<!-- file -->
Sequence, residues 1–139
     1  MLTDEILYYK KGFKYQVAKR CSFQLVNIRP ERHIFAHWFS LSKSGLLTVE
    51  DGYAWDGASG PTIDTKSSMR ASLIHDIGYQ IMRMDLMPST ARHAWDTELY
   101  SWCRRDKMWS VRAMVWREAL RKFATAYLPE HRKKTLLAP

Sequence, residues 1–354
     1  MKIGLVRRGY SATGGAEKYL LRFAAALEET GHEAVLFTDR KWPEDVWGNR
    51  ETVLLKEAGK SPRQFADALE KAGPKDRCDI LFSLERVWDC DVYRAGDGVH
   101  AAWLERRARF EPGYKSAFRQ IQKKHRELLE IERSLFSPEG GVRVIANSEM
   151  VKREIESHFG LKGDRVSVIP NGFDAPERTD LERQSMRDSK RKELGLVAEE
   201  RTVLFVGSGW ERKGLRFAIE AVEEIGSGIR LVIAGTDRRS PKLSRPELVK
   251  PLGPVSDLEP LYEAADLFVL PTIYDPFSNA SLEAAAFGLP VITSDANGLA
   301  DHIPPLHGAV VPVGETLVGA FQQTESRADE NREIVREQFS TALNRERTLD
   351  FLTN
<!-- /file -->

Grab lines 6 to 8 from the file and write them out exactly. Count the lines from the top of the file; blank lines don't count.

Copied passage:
     1  MKIGLVRRGY SATGGAEKYL LRFAAALEET GHEAVLFTDR KWPEDVWGNR
    51  ETVLLKEAGK SPRQFADALE KAGPKDRCDI LFSLERVWDC DVYRAGDGVH
   101  AAWLERRARF EPGYKSAFRQ IQKKHRELLE IERSLFSPEG GVRVIANSEM